Finally, I would point out that these grafts’ antecedents in 3.5 were more detailed. Grafts appeared first in Fiend Folio, and were also found in Lords of Madness, Races of the Dragon, Faiths of Eberron, and Magic of Eberron. These have many more rules, as well as many more grafts, which may be useful to port to these Pathfinder options. In fact, these books actually present two different types of graft: the “old” style in Fiend Folio and Lords of Madness, and the “new” style in Races of the Dragon and Eberron. These differ in a variety of ways, so I leave investigating how or whether you want to use one or both in Pathfinder as an exercise to the reader, but of relevance to this question, both styles explicitly state that the graft, once applied, functions in its entirety even without magic.

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    \$\begingroup\$ +1ed for the 3.5e references. Pathfinder — again — seems to be relying on its audience's familiarity with its forebear's rules rather than writing its own. \$\endgroup\$ – Hey I Can Chan Jul 15 '17 at 16:09
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Clockwork creatures are usually treated as constructs, which are a type of animated object. If we take the rules for Building and Modifying constructs into consideration, we have the following quote:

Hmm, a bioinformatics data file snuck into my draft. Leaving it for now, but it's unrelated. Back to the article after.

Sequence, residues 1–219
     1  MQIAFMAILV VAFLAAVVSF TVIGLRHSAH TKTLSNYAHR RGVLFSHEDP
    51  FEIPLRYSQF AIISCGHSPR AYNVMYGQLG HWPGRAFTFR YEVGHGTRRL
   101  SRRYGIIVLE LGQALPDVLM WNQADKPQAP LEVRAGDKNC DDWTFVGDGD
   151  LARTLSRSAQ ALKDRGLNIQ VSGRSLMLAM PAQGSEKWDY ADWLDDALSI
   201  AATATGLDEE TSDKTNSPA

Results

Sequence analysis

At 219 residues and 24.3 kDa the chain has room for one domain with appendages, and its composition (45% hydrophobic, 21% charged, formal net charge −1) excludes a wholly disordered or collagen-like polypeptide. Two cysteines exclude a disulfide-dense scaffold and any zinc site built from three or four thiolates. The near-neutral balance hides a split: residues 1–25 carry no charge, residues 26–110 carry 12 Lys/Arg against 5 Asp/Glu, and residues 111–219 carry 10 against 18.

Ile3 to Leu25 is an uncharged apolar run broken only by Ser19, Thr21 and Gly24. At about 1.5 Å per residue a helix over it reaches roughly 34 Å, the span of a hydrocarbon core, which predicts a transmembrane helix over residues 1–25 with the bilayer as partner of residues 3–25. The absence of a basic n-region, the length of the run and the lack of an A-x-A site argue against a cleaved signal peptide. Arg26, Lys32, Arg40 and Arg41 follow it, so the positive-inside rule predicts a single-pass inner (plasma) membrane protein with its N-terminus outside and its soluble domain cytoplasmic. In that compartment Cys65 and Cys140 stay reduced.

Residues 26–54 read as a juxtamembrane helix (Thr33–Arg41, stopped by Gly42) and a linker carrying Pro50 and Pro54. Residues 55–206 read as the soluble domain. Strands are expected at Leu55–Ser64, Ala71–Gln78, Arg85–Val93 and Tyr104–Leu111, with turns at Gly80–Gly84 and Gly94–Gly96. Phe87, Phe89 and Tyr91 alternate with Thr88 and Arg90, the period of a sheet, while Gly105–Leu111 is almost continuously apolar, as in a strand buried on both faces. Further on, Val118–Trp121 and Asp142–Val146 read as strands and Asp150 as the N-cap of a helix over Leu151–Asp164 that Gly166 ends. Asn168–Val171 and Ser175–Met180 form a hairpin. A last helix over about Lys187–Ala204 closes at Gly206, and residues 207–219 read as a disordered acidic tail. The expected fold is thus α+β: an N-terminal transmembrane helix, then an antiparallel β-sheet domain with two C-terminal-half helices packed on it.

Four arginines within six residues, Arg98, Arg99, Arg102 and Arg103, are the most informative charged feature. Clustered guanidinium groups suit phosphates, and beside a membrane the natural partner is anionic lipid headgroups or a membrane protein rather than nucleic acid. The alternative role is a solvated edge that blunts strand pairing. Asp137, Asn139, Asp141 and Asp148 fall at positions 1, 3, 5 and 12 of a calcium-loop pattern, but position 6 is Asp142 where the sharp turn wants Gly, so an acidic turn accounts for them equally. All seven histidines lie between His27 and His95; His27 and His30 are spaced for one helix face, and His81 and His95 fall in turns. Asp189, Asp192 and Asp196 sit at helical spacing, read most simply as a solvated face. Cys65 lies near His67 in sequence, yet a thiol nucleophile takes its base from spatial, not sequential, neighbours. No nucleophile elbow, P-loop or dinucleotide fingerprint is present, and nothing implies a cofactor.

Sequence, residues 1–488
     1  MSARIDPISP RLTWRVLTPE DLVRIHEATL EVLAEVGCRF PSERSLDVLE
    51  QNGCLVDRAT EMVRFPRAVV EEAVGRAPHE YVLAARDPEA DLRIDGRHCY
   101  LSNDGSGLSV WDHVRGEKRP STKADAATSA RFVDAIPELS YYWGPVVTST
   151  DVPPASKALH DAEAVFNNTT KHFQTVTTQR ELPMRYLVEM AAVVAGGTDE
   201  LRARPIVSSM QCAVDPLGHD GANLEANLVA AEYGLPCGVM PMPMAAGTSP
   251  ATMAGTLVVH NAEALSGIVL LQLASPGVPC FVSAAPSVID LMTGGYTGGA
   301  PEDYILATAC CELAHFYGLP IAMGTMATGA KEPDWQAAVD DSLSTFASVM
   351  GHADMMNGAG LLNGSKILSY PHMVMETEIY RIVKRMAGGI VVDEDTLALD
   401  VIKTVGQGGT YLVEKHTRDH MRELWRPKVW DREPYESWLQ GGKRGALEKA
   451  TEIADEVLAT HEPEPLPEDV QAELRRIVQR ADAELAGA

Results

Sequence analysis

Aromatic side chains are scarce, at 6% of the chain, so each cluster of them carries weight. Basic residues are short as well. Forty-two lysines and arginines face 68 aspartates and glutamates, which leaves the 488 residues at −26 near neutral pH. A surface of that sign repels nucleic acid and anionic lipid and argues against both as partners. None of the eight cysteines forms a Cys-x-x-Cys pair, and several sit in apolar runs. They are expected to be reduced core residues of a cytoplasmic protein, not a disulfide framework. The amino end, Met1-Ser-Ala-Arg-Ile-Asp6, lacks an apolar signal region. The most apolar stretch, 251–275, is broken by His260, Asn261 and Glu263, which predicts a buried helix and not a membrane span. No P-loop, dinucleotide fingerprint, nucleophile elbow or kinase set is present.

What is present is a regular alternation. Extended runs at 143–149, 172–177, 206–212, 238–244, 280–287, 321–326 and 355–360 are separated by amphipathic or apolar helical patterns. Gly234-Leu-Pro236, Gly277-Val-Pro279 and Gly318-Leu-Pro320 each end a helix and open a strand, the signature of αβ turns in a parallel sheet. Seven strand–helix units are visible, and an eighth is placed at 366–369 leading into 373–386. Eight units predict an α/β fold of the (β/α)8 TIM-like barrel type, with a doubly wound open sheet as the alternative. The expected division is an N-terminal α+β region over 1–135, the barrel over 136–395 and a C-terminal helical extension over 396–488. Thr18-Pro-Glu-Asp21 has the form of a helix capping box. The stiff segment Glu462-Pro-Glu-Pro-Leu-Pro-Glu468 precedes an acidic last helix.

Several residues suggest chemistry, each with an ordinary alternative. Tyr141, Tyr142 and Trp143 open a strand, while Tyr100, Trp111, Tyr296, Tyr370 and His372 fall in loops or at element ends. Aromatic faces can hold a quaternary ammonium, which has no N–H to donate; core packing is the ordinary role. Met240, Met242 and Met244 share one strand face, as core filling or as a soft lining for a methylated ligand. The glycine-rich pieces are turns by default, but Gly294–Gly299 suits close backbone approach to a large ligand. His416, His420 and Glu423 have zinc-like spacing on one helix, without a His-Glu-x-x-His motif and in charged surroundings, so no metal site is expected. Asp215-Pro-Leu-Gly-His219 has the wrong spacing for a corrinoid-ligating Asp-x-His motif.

Animated Objects

Not all constructs are built with the Craft Construct feat. Spells like animate objects allow a caster to temporarily animate an existing object. These constructs are in many ways weaker than manufactured constructs, as they are susceptible to dispelling and antimagic.

A caster can use the animate objects spell to instantly create a temporary construct. A permanency spell cast upon an Animated Object makes the construct permanent; however, it can still be dispelled or suppressed by antimagic. Craft Construct creates permanent animated objects not susceptible to dispelling and antimagic.

This last line makes golems and clockwork creatures immune to dispell magic and antimagic zones. Even if they lose some of their magical abilities while in there, they will not stop working. This is probably due to the fact that, though animated by magic, they have some sort of self-propelling effect, like how a golem has a small elemental soul inhabiting their body.

This is confirmed again in the spell text of Antimagic Field:

The spell has no effect on golems and other constructs that are imbued with magic during their creation process and are thereafter self-supporting (unless they have been summoned, in which case they are treated like any other summoned creatures).

For Necrograft, I would say that it's the negative energy that empowers the body part, while the magical effects grants the extra benefits, similarly to an animated zombie or skeleton still walking inside an antimagic field because they are permanent creations.

I would go with they remain working for clockworks but you lose out any of the special magical effects granted by the item, as they are self-propelling mechanisms that only need winding and the magic was required for the initial jumpstart and for the magical effects applied on it. While for necrografts, they remain working as a regular limb, but you lose the benefits and retain the penalties for wearing a partial undead body attached to yours.